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Wednesday, June 14, 2006

A socialist solution

It is often the case that question time in the Assembly fails to fulfill its functions because members insist on making speeches rather than asking questions. As a result we are often treated to long, sometimes-tedious discourses, read out by a member from a closely typed script. There is also a tendency for members to bring casework to the chamber but, instead of using it to illustrate a point they read out the letter they should have written to the Minister in the first place.

This happened yesterday with firstly, an essay by Lisa Francis on the experiences of a constituent from Aberystwyth who was holidaying in Gwynedd and then, an overlong question from Rosemary Butler. In the end the Presiding Officer suggested a solution:

The Presiding Officer: Order. This seems to be catching. I would like a question.

Rosemary Butler: I am trying to be concise.

The Presiding Officer: May I suggest that you ask the question and then e-mail the First Minister with the rest of the evidence?

By far the most interesting discussion of yesterday's session however, was the contribution of Environment Minister, Carwyn Jones, on the nature of farming. He started off by responding to the suggestion by Mick Bates that he was seeking to move from headboy in the chamber to headmaster:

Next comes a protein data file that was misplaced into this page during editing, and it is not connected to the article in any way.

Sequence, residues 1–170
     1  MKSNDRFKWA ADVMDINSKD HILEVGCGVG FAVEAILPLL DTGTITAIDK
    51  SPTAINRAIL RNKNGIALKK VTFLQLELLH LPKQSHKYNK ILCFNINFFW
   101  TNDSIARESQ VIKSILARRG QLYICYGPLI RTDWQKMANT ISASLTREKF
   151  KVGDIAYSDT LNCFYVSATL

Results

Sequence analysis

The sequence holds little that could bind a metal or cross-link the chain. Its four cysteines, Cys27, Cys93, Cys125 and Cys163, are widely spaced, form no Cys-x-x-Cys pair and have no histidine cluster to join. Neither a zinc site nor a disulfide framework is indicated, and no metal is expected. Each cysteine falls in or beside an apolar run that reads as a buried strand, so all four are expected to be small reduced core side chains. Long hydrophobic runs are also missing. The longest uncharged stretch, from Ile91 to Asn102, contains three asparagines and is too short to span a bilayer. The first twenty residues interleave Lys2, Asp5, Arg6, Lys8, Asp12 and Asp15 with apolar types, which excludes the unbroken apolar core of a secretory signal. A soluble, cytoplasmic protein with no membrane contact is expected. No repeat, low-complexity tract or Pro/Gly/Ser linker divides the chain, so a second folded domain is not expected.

To deal with Mick Bates’s supposition, I assure you, Llywydd, that I am not after your job as headmaster of this place. That was an evil comment that he made, and I certainly disagree with it. I seem to remember a great deal of grandstanding here by Mick Bates a fortnight ago; he seemed to give the impression that, somehow, he was the voice of calm and reason while everything raged about him. That was far from being the case, as he played to his own little gallery. He talks about socialism, but we are talking about an industry that is about as close to socialism as you can get, in many ways, because it is an economy that is subsidised, and needs state aid in order to survive. I do not disagree with that at the moment, and that has been accepted for a number of years across Europe. The farmers of Wales should be grateful that there is a socialist aspect to farming policy.

David Melding: I am grateful for that stunning insight, which had escaped most of us. Will you please tell your colleague, Huw Lewis, that he must support this form of mechanism in support of the rural economy from now on?

Carwyn Jones: Socialism must always be revised if it is to be relevant, which many of us in the Chamber believe in order for it to be relevant for the future. That is true of farming, as it is of any other part of the economy.

The Presiding Officer: Order. We are entering into philosophical fields that are not our major issues, however enjoyable they may be.

Alas, as philosophical discussions go it was a good debating point but hardly a coherent analysis of European agricultural policy, which has been largely dictated by National self-interest and back-room deals for many decades.
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